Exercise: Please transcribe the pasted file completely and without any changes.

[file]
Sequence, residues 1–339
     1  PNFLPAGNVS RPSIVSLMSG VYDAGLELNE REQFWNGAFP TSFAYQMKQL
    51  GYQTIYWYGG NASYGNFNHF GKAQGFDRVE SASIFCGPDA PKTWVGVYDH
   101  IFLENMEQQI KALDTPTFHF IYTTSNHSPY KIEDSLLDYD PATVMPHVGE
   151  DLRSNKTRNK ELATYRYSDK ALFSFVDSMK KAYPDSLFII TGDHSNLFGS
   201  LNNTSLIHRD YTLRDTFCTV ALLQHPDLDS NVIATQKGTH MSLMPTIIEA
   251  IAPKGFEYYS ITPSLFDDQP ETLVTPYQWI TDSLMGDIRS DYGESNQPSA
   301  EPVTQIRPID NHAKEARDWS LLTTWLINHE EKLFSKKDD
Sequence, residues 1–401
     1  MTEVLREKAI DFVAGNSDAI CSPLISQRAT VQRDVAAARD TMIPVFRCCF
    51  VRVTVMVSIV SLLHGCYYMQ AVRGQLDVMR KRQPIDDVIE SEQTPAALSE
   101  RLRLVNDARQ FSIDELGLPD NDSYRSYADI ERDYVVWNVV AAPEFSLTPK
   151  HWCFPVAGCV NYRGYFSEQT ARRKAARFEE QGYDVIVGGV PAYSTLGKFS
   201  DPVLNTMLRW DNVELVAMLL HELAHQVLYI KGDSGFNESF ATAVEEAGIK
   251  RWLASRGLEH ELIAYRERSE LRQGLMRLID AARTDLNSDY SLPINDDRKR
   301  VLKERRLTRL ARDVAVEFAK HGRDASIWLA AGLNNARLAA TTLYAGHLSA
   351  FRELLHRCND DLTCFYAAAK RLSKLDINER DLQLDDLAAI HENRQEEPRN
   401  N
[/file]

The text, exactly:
Sequence, residues 1–339
     1  PNFLPAGNVS RPSIVSLMSG VYDAGLELNE REQFWNGAFP TSFAYQMKQL
    51  GYQTIYWYGG NASYGNFNHF GKAQGFDRVE SASIFCGPDA PKTWVGVYDH
   101  IFLENMEQQI KALDTPTFHF IYTTSNHSPY KIEDSLLDYD PATVMPHVGE
   151  DLRSNKTRNK ELATYRYSDK ALFSFVDSMK KAYPDSLFII TGDHSNLFGS
   201  LNNTSLIHRD YTLRDTFCTV ALLQHPDLDS NVIATQKGTH MSLMPTIIEA
   251  IAPKGFEYYS ITPSLFDDQP ETLVTPYQWI TDSLMGDIRS DYGESNQPSA
   301  EPVTQIRPID NHAKEARDWS LLTTWLINHE EKLFSKKDD
Sequence, residues 1–401
     1  MTEVLREKAI DFVAGNSDAI CSPLISQRAT VQRDVAAARD TMIPVFRCCF
    51  VRVTVMVSIV SLLHGCYYMQ AVRGQLDVMR KRQPIDDVIE SEQTPAALSE
   101  RLRLVNDARQ FSIDELGLPD NDSYRSYADI ERDYVVWNVV AAPEFSLTPK
   151  HWCFPVAGCV NYRGYFSEQT ARRKAARFEE QGYDVIVGGV PAYSTLGKFS
   201  DPVLNTMLRW DNVELVAMLL HELAHQVLYI KGDSGFNESF ATAVEEAGIK
   251  RWLASRGLEH ELIAYRERSE LRQGLMRLID AARTDLNSDY SLPINDDRKR
   301  VLKERRLTRL ARDVAVEFAK HGRDASIWLA AGLNNARLAA TTLYAGHLSA
   351  FRELLHRCND DLTCFYAAAK RLSKLDINER DLQLDDLAAI HENRQEEPRN
   401  N